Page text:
19. New Growth



Spring is coming.

It was a long, icy cold winter. I, like many of you, hunkered down, wrapped myself in blankets and drank gallons of hot tea. I figured that it would be more cost effective, environmentally friendly, and perhaps even healthier than turning up the heat. It sort of worked I guess. Especially if you don’t count the few occasions when I froze my clients to death in my home office. I do feel a little bad about that.

Anyway, spring is slowly approaching and, as always, I have a mixed response to the change. My introverted, hibernation-oriented self was quite pleased to relax into a period of forced isolation. Therefore, initially I feel a bit of resistance to the first signs of spring. Those of us who enjoy some degree of lethargy find it harder to meet the demands for activity that the spring presents. In my therapy practice I have always observed that people tend to be the most distressed in April. It feels to me that, like nature, people who have less energy find it more challenging to defrost, break through the earth, or emerge from their caves. Low energy is dissonant with the creation of new life. Faced with the sunny demand to move forward, those who don’t feel lively enough to meet this unyielding challenge seem to wither away. Some gracefully and some not. On the other hand, many of you have energy that is harmonious with spring. You are just waiting, perhaps even impatiently, to pounce on the season. 

Whether we are reluctant or eager, we all need to prepare ourselves, and the earth, for new growth. 

It may be most obvious in spring, but the truth is that every moment is pregnant with change, or, what one might call, chaos. Basic physics teaches us that order and chaos together create life. The wave and the particle, the egg and the sperm, the yin and the yang, and so on. The undeniable truth is that chaos without order would destroy us, and order without chaos would, well, go absolutely nowhere.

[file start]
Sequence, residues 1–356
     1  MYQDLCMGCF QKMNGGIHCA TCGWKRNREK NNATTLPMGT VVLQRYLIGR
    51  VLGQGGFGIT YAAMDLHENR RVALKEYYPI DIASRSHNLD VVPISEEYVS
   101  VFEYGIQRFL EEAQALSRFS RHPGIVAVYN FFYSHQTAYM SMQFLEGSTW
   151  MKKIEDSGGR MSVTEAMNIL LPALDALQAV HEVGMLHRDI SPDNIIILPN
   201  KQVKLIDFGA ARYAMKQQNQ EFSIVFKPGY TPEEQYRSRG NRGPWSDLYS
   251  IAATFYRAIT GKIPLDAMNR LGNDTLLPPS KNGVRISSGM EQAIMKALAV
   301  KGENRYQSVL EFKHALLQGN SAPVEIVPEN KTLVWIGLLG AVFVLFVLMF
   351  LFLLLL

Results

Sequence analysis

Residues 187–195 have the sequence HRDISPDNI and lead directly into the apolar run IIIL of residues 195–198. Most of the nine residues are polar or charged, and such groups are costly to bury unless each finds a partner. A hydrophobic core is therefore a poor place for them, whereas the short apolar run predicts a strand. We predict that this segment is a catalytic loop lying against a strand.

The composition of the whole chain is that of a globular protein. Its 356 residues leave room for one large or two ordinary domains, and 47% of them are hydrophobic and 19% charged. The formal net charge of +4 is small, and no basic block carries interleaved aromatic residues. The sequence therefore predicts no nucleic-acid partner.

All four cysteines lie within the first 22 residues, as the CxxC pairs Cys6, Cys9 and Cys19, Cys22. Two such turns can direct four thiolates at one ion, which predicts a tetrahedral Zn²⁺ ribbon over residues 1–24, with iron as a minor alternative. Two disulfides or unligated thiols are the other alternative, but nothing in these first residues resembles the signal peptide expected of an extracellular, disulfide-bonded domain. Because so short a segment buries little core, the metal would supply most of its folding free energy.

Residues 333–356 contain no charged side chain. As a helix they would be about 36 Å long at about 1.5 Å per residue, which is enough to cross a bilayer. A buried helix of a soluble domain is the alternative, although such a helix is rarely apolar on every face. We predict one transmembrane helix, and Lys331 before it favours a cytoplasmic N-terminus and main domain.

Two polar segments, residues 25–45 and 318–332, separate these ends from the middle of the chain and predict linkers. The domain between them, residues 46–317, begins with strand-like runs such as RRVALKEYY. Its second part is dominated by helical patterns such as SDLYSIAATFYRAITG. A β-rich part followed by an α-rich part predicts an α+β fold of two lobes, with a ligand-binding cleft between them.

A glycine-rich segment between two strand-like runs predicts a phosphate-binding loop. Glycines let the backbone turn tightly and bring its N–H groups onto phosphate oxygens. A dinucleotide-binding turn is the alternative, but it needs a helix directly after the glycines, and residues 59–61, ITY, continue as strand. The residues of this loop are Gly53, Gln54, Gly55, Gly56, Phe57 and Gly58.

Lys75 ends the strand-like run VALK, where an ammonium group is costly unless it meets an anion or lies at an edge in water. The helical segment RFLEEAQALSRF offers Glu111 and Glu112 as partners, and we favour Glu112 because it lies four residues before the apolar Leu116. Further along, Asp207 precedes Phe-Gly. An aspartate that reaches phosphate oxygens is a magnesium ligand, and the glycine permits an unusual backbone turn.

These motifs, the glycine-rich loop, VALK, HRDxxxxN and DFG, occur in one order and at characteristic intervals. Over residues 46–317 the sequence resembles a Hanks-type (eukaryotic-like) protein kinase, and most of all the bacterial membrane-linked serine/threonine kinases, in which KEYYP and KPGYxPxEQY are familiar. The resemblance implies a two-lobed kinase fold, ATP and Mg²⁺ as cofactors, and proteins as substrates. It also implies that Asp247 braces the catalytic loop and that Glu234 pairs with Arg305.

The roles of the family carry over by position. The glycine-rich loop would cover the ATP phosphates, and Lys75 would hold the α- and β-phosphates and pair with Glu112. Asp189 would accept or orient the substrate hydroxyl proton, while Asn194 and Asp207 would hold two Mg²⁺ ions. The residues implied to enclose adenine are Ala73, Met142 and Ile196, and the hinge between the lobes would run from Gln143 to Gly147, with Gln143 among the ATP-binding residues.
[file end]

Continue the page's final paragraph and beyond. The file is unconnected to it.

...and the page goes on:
Consequently, learning how to bend and flow with change is our primary job, and breathing to relax, soften and be present is our practice. We replenish our energy with rest, water, nutrients, laughter, compassion and self-acceptance. We care for our bodies and our homes in order to feel supported and grounded. We plant, pluck, prune, scrub, clean, wash and mend to create order. Order that cannot exist without the chaos that created the urge for it in the first place. There is no way around it. We must embrace them both equally in order to live and grow. 

I know that I need to digest the change of season slowly and increase my outside activity a little bit at a time. What is it that you need to do that might help you to feel less brittle and more flexible this spring?

Whatever that is, I hope that it includes taking the time to stop, breathe, and witness the beauty of the new growth around and inside of you.

I wish you a happy, healthy, and sunny spring.   

New Growth

Love, Jane



5 thoughts on “19. New Growth

  1. This post could not have appeared at a better time. While sprung Spring can feel like a downward spiral to a lover of early dark and silent snow, we push on, bit by bit, with the rhubarb and the blessed skunk cabbage. Skunk cabbage makes its own heat to melt the frozen ground so it can push up its flower before its roots contract to pull its stem downward as it grows, not upward, growing deeper and deeper into the earth with each passing year, becoming more and more grounded as it ages. One cell, one tiny step at a time.
    Thank you, Jane!


  2. Beautiful. Very true, I find myself feeling a bittersweetness as the winter is leaving and spring is beginning to pop.


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